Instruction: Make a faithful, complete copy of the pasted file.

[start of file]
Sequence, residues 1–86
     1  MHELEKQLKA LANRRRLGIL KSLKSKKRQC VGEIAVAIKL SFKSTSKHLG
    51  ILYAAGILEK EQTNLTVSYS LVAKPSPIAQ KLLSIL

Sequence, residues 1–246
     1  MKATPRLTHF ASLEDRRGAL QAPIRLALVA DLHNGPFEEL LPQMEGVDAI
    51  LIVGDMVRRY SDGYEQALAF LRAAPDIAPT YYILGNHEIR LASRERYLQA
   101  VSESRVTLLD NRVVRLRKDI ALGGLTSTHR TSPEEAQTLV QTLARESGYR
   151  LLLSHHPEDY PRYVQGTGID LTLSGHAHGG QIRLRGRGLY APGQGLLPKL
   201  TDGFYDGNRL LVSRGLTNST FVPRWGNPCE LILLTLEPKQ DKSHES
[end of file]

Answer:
Sequence, residues 1–86
     1  MHELEKQLKA LANRRRLGIL KSLKSKKRQC VGEIAVAIKL SFKSTSKHLG
    51  ILYAAGILEK EQTNLTVSYS LVAKPSPIAQ KLLSIL

Sequence, residues 1–246
     1  MKATPRLTHF ASLEDRRGAL QAPIRLALVA DLHNGPFEEL LPQMEGVDAI
    51  LIVGDMVRRY SDGYEQALAF LRAAPDIAPT YYILGNHEIR LASRERYLQA
   101  VSESRVTLLD NRVVRLRKDI ALGGLTSTHR TSPEEAQTLV QTLARESGYR
   151  LLLSHHPEDY PRYVQGTGID LTLSGHAHGG QIRLRGRGLY APGQGLLPKL
   201  TDGFYDGNRL LVSRGLTNST FVPRWGNPCE LILLTLEPKQ DKSHES